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1. A method of permitting customized end-user interaction with a call service in an intelligent network, said method comprising:
collecting user input information needed to establish the call service;
providing the collected user inputs to a service control point associated with the call service; and
outputting information associated with the call service with respect to a given user through a set of configurable parameters at a customized intelligent peripheral unit thereby enabling play out of output information through a standardized interface in different formats dependent on a given user.
2. The method according to claim 1, wherein collecting user input information comprises collecting one or more of DTMF tones, analog pulses, and verbalized speech.
3. The method according to claim 1, wherein outputting information comprises outputting at least one of a recorded message and spontaneously-generated speech.
4. The method according to claim 3, wherein outputting spontaneously-generated speech comprises concatenating a string of recorded speech segments.
5. The method according to claim 1, wherein outputting information associated with the call service in a manner customized with respect to a given user comprises outputting information having a form corresponding to the given user's geographic location.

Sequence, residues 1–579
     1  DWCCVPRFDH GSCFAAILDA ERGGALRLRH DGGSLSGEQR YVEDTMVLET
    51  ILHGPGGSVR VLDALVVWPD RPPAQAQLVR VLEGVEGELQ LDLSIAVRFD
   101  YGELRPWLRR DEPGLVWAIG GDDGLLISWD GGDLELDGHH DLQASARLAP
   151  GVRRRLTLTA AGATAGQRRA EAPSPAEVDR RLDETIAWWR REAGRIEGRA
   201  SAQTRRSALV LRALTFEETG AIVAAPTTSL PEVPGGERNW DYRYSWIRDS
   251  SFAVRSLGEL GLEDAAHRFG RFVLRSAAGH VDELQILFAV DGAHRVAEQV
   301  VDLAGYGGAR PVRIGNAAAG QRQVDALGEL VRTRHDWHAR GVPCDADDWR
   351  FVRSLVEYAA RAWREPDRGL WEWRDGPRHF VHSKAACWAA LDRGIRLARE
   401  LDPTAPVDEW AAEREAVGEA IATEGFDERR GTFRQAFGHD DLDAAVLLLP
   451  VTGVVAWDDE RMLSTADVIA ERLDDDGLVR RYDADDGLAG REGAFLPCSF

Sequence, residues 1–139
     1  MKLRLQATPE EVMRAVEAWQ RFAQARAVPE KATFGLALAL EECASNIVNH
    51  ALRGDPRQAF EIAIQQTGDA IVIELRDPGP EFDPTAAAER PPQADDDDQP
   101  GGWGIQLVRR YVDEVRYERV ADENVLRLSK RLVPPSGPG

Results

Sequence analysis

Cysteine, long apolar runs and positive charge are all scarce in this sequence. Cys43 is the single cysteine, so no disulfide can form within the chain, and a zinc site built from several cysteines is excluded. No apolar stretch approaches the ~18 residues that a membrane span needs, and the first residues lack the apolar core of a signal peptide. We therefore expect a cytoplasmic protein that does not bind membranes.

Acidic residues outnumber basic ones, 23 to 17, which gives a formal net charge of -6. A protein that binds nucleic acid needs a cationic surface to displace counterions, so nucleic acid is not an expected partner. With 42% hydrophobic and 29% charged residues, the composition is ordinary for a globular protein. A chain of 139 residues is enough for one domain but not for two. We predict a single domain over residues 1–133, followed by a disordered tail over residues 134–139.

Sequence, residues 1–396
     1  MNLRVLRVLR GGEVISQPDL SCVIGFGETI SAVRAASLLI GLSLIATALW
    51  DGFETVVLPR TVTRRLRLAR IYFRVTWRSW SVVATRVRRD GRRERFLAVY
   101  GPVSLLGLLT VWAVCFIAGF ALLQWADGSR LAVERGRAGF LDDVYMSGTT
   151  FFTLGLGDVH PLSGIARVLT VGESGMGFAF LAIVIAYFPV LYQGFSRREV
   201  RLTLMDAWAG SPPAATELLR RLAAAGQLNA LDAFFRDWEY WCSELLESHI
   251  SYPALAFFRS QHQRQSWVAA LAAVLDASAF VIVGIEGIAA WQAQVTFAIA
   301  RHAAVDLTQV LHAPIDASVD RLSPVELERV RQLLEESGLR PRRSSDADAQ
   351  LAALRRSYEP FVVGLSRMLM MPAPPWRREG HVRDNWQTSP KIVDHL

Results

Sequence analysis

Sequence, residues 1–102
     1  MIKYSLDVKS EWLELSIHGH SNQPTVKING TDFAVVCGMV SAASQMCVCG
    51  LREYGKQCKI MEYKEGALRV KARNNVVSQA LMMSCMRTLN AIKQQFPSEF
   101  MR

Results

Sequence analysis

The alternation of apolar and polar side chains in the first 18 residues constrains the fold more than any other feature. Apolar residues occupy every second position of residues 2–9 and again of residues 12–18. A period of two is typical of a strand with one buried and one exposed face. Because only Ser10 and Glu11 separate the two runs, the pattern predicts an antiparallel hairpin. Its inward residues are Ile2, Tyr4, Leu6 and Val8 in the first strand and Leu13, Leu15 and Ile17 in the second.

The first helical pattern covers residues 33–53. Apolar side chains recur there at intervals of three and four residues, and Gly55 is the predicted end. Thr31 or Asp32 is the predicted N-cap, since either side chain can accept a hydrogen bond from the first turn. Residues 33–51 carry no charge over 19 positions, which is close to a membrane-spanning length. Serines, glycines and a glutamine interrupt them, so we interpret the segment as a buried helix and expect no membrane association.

The present invention is generally directed to an apparatus and method for providing customized user interaction functionality for call services in an Intelligent Network (“IN”).


IN architectures are based on limiting the function of switches in a switch-based network (e.g., a PSTN) to basic circuit management/call control and moving all value-added services for a call to processors outside of the switch network. This structure provides the network operator with the means to develop and control value-added call services more efficiently, instead of relying on switching system vendors for software development. New capabilities can be rapidly introduced into the network, and, once introduced, services are easily customized to meet individual customer's needs.